Homeland: Iraq Year Zero provides an intimate portrait of life in Baghdad immediately before and after the 2003 American invasion. In the director’s words, the film is a tomb: just as much a tomb for places as well as for people. Not only do we witness casual loss of life and personal security, but also the destruction of the identity. Screened in Amman in the context of the Franco-Arab film festival, Iraqi-French director Abbas Fahdel delivers a cinéma-réalité tragedy of epic proportions: in a little over five hours, we follow him walking with his family and friends through Baghdad, speaking to victims of casual house bombings, but mostly spending time within the one safe space: the family home. Fahdel’s three previous films – Back to Babylon, We Iraqis, and Dawn of the World, are all documents of both historical and personal nature relating to the pre- and post-war experience in Iraq, yet none were on such a monumental scale.
The first half of the documentary (before the war) is characterized by a calm and learned preparation for the coming war, even by those who have not yet experienced war. The twelve-year old Haidar re-tapes the window that still had left-over tape from 1991. His older sister, who had been a small child then, dries dozens of loafs of bread for storage ‘just like last time’… They both wonder aloud when the Americans will come so they can have time off from school. This is when we learn Haidar will die as a result of the invasion.
Still from Part I
As well as filming the lives of his family and friends, Fahdel focuses on documenting Iraq’s heritage, as he knows the Americans did and will again deliberately attempt to destroy it. He films museums of rural life, an old abandoned theatre, and the bombed al-Amiriyeh shelter, which was turned into a museum in order to remind Iraqis -and the international community- of the unintended causalities of war. In Part II we indeed witness the destruction of archives: we see actor Samir Kaftan, who had been expressing hope for the revival of Iraqi theatre in Part I, standing helpless amidst the rubble of the looted and burnt Iraqi Film Archive; we see the bombed out façade of the Iraq Museum, guarded by an American tank; we see civilian casualties where before we had seen a museum dedicated to the memory of such casualties in order to ‘prevent history from repeating itself’.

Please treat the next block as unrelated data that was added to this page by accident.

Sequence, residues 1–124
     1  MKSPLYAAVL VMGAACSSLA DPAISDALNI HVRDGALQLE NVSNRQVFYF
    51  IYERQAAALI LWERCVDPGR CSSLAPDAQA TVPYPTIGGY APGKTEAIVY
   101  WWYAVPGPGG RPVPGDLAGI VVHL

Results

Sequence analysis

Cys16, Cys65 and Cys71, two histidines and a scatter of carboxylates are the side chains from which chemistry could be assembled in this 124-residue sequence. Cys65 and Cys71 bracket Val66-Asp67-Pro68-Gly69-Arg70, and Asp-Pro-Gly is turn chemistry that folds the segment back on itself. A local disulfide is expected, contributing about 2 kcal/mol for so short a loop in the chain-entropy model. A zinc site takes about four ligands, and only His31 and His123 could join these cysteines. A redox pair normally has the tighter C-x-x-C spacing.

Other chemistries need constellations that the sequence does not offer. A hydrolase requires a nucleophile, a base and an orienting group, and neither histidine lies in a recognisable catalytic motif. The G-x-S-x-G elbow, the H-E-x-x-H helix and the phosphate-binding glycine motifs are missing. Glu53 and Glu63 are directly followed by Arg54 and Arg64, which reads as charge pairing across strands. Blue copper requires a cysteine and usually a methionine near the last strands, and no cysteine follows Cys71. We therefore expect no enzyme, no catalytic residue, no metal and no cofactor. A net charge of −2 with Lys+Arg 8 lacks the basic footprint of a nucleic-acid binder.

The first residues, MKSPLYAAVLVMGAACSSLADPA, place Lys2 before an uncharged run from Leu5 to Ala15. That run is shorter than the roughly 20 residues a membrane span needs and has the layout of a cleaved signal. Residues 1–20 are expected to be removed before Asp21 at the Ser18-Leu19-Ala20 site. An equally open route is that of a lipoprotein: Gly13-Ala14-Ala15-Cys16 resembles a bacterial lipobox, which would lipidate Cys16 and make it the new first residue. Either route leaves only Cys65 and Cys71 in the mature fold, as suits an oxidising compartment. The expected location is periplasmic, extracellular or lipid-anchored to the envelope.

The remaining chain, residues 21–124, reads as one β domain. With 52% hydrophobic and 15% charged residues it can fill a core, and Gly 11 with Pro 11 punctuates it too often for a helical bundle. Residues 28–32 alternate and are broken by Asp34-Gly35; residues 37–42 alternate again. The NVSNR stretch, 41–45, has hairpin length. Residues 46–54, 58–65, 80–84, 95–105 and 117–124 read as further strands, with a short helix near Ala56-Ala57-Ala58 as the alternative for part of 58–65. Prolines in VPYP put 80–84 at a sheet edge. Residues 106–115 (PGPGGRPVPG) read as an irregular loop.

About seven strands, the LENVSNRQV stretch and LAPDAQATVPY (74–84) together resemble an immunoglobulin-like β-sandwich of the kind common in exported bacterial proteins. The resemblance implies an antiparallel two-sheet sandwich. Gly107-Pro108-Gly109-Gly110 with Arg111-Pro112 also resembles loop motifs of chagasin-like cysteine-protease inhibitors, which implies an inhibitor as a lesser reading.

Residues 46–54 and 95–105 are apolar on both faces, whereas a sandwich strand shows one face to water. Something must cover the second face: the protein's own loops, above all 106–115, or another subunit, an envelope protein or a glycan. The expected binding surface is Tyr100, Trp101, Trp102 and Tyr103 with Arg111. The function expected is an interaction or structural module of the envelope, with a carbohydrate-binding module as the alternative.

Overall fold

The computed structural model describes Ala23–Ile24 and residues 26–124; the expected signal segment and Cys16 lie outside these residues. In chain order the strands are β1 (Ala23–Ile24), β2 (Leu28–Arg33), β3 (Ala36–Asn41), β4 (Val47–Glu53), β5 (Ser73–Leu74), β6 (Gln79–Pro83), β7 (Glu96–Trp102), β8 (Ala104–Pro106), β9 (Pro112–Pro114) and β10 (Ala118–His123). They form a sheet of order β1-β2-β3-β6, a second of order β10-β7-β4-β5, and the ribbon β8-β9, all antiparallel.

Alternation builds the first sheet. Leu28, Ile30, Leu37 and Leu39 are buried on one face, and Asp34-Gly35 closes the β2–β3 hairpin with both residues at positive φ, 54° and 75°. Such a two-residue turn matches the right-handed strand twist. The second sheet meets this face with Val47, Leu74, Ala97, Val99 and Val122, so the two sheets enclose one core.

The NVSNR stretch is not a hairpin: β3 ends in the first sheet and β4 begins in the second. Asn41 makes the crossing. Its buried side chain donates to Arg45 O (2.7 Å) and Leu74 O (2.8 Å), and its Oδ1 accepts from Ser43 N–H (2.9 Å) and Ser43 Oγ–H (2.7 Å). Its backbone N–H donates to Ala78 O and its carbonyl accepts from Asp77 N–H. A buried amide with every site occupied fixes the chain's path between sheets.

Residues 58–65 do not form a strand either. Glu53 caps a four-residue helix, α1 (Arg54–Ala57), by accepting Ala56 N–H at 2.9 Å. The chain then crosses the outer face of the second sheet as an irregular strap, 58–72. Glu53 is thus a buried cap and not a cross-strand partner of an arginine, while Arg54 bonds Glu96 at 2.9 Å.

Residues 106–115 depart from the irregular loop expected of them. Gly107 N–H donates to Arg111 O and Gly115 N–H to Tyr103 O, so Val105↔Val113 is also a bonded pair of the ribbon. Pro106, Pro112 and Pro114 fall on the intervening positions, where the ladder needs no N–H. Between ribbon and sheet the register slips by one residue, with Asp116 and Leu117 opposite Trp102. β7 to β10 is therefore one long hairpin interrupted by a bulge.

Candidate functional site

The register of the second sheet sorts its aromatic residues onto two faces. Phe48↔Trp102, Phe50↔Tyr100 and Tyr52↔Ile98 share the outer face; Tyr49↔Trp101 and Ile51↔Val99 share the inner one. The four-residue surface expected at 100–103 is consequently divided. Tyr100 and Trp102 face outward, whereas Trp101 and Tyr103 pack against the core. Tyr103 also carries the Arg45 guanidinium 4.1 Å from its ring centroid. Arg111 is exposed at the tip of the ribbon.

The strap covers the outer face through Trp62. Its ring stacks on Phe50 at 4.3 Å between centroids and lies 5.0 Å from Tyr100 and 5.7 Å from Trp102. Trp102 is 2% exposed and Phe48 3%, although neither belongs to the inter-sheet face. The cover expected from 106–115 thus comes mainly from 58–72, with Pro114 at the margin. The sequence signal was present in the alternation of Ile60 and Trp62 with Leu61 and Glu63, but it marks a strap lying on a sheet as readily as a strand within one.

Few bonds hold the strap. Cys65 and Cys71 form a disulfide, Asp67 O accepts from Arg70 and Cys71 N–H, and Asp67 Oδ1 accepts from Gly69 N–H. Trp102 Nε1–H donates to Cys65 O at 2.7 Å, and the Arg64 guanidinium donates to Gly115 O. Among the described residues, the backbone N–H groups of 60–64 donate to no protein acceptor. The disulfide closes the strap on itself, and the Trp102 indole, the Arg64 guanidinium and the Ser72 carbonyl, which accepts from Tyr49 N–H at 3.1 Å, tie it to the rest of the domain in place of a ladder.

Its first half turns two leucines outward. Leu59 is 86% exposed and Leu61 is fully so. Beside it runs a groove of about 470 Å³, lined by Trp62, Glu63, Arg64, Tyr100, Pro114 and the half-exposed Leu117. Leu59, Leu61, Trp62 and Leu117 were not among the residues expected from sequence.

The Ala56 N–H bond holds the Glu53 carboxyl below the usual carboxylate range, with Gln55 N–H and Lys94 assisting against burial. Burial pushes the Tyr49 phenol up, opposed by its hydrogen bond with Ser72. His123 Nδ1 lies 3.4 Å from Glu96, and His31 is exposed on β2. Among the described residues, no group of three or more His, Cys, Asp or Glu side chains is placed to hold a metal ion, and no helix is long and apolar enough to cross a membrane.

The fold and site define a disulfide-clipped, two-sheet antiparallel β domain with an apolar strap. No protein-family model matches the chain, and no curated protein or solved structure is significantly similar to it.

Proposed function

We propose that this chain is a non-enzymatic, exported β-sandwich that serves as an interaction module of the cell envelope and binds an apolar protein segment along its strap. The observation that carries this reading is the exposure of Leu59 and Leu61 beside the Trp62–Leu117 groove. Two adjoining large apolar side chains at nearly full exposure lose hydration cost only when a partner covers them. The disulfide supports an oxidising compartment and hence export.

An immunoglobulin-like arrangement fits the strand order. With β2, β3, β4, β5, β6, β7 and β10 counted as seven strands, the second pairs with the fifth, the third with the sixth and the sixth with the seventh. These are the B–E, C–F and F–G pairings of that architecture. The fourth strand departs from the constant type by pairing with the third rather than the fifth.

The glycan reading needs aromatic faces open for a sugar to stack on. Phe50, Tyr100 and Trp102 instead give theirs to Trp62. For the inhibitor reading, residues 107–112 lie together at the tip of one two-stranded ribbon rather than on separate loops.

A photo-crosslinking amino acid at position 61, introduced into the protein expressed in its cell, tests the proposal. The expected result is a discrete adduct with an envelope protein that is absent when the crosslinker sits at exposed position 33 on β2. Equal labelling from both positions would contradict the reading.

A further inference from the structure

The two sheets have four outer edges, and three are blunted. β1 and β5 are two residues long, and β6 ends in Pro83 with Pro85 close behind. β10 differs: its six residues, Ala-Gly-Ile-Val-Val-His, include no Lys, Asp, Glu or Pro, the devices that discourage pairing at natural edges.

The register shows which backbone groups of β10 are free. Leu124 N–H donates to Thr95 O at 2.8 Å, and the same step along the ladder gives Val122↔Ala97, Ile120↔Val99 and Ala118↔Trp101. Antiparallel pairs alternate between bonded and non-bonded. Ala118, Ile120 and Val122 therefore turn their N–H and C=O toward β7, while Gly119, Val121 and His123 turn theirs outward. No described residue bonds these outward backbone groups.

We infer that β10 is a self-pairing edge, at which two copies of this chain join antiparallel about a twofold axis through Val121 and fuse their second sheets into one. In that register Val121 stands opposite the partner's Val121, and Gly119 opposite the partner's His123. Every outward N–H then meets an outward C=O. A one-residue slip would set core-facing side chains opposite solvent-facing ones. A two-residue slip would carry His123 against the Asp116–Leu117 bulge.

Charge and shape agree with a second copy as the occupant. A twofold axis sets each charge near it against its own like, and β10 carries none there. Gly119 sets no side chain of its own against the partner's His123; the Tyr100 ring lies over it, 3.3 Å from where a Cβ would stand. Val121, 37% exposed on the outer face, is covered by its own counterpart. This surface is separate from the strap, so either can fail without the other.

Still from Part II
Life before the war was characterized by the effects of the 1991 war and Ba’athist propaganda. Yet it still contained a certain naivety to it, at least for children within the comfort of their home. In Part I, we see the children smiling and laughing at propaganda videos on TV, singing along with the televised mechanic doll-like supporters. In Part II, there will be no more ‘wonderful father of Iraq’ waving and smiling; the images the children will see on T.V. will be the disfigured bodies of Uday and Kusay Hussein. As bleak as the illusory propaganda world was, the American invasion and the chaos that ensues offers yet bleaker spectacles for young Iraqis to gaze upon.
The destruction of archives, museums, memory goes hand and hand with eternal recurrence, and thus with the continual murder of civilians. While Haidar walks through the al-Amiriyeh shelter, staring at the photos of massacred children, the spectator knows that he too shall be murdered—yet at the time of filming Fahdel himself did not know so: it is a tragedy without a poet, a tragedy of everyday life under chaos. Homeland: Iraq Year Zero demonstrates the casual repetitiveness of brutal history, in which attempting to keep memory alive (in this case, through the conservation of war monuments) is just as unavailing as forgetting. Yet keeping the memory alive is itself an act of rebellion- in an age where destructive amnesia prevails and war seems to follow the law of eternal return.
The film is still touring festivals around the world; keep an eye open for screenings in the U.K and Jordan. More information and a trailer can be found on: https://abbasfahdel.com/2015/02/12/homeland-iraq-year-zero/
War, but _for_ what? Sadly, it seems that the only ones who still have some ideology to fight _for_ is the (various flavors of) islamists. The rest have no will to fight, or only to fight _against_.
This is not going to end well.
Civilization and de-civilization both start in people’s heads. And it looks like it’s been lost in most people’s heads.
(De)Civilization and Iraq remind me of Paul Rosenberg’s “Production and Plunder”.